From Chicken Soup for the Father & Son Soul

“Little Mike”: The Tale of What Really Happened to His Bicycle

The question for each man to settle is not what he would do if he had the means, time, influence and educational advantages, but what he will do with the things he has.

Hamilton Wright Mabie

It was over sixty years ago, and I remember the day Dad brought home that muddy, broken piece of rusted junk he called a bicycle. Dad was always bringing home old stuff and fixing it up. He was a real craftsman. He said it was his way to keep his mind off the “bad stuff.” He was a Ramsey County deputy sheriff in Minnesota.

I didn’t have a bike, but it was very clear in my mind that this beat-up derelict wasn’t the kind of bike I planned to own. Mine would have glistening chrome wheels, a rearview mirror, plus an electric headlight, and horn.

Maybe even a siren!

Mom started complaining about that “piece of junk” leaning against the side of the house. Dad explained, with the saddest face I have ever seen, that he had recently encountered a little boy who had lost his parents in a tragic accident. Dad called him “Little Mike” and said he was about my age.

He further explained that Little Mike had been placed in the county orphanage. Whenever we drove by that orphanage and Dad would point out Little Mike’s room, I would insist that we stop. I wanted to see him, be his friend. Dad would decline, telling me we had more urgent chores to do that day. I always left on the verge of tears.

Dad seemed unusually concerned about Little Mike and mentioned him often. The boy had lost everything! He said he had a plan that might help Little Mike feel a little less lonely and asked if I would like to help. His plan was simple. He was going to fix up that junky old bike and present it to Little Mike as a surprise. I thought it was a super idea!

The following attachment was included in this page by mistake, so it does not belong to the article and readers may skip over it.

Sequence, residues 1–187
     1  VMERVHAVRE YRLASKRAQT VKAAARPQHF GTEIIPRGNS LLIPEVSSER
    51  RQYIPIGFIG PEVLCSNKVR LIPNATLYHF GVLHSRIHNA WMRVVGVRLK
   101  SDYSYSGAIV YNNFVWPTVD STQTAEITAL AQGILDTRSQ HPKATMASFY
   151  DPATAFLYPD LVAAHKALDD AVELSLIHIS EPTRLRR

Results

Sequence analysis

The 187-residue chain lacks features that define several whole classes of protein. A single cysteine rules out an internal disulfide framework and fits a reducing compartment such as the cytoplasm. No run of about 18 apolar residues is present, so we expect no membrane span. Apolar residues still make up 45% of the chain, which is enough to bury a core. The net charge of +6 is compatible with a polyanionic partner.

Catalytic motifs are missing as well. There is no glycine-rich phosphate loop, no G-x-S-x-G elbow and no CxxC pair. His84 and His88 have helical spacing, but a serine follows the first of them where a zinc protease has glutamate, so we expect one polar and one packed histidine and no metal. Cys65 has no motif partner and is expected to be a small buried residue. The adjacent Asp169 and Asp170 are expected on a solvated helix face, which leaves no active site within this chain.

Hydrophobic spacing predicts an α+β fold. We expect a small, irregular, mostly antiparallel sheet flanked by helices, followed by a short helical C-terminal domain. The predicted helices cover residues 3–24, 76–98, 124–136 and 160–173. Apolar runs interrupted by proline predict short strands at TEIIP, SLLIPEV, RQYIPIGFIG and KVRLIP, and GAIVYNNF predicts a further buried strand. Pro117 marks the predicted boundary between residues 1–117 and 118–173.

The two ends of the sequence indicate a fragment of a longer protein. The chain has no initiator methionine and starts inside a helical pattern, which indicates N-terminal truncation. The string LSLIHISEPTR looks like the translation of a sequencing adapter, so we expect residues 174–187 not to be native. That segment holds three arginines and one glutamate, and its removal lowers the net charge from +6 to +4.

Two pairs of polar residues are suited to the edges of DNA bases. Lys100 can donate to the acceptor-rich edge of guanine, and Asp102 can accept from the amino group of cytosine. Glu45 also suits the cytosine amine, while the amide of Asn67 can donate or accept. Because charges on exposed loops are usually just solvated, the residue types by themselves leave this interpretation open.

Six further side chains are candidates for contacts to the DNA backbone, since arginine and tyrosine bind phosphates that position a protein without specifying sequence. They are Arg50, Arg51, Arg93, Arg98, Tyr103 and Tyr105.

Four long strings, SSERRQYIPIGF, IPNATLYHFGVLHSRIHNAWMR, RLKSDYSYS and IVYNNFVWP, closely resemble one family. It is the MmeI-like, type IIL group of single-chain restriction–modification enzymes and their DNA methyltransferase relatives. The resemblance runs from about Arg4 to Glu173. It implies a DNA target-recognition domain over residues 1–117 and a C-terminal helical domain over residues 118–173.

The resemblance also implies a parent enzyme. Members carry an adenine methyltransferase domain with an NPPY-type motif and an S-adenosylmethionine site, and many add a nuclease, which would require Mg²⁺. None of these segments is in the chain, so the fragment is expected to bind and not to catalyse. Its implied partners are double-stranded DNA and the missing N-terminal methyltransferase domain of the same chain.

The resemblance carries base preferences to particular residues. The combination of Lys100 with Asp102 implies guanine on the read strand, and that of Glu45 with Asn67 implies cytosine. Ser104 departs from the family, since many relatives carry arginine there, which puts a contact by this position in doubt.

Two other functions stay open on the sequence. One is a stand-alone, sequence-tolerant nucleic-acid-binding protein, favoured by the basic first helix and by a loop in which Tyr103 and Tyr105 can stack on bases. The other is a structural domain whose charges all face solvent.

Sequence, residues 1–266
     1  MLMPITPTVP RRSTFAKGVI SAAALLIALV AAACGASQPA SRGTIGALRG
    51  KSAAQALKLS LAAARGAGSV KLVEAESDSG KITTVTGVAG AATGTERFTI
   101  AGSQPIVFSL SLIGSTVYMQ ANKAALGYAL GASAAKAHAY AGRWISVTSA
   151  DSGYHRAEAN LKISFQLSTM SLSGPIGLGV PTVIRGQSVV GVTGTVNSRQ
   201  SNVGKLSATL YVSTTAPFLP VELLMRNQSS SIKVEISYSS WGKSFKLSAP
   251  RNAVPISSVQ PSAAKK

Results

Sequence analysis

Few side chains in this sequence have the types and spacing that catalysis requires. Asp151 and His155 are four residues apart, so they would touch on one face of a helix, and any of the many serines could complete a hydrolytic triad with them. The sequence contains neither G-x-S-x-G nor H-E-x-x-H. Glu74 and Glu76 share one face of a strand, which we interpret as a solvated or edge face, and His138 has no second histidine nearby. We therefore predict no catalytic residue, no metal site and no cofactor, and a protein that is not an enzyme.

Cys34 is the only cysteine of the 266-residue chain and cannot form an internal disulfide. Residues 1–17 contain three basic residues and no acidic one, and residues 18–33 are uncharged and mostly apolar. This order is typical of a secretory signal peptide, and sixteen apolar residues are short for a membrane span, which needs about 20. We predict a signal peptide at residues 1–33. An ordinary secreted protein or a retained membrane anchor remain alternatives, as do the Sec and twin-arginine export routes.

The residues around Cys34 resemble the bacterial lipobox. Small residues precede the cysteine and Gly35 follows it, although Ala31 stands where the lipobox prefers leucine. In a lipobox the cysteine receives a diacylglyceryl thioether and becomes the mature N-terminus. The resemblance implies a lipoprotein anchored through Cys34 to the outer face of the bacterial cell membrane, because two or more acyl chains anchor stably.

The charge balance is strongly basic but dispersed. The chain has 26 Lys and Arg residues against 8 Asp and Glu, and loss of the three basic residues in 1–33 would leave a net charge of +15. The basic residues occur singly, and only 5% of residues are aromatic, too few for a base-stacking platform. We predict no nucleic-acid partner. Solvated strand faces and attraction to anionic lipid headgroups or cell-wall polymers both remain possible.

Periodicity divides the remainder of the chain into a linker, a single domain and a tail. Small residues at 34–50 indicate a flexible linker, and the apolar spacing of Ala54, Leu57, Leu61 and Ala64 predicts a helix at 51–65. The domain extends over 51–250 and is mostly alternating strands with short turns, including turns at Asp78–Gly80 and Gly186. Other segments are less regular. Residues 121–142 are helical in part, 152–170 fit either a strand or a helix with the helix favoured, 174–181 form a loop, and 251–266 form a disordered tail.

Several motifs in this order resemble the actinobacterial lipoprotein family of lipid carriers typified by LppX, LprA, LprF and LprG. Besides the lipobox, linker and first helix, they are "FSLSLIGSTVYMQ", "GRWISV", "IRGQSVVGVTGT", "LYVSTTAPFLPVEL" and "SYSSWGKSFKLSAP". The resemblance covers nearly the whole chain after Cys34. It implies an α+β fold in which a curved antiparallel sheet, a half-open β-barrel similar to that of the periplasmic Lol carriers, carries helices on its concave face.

We began the makeover. We sanded off the faded paint and rust down to mirror-bright bare metal. My father was a magician with a paintbrush and the gleaming new paint job looked great. Together we hunted for all kinds of replacement parts. We polished the chrome. Dad carefully replaced bent and broken spokes. He taught me how to install a new chain. We did a terrific job! He asked me what else could be added. I quickly volunteered that a rearview mirror, electric headlight, and horn would be super. We quickly added them. What a beauty!

I was excited! The long anticipated moment had arrived. We were finally ready to deliver the bike to its unsuspecting new owner. That never happened.

You see, there never was a tragic accident, there never was a county orphanage, and most of all, there never was a Little Mike. It just happened that the day this glorious gift was to be delivered was also my birthday.

The project in which I had so willingly participated over these many weeks was an elaborate charade concocted by Mom and Dad to surprise me with a bike for my birthday. Their major concern was how the bike could be a birthday surprise and yet be hidden from me for what they knew would be at least three months of evenings during the restoration process. “Little Mike” was their answer. The sell job they did on me would make any award-winning actor pale by comparison.

The time Dad and I spent together is unforgettable. It’s what they now call “quality” time. I loved that bicycle but often wish there really had been a “Little Mike.”

Bob Weber

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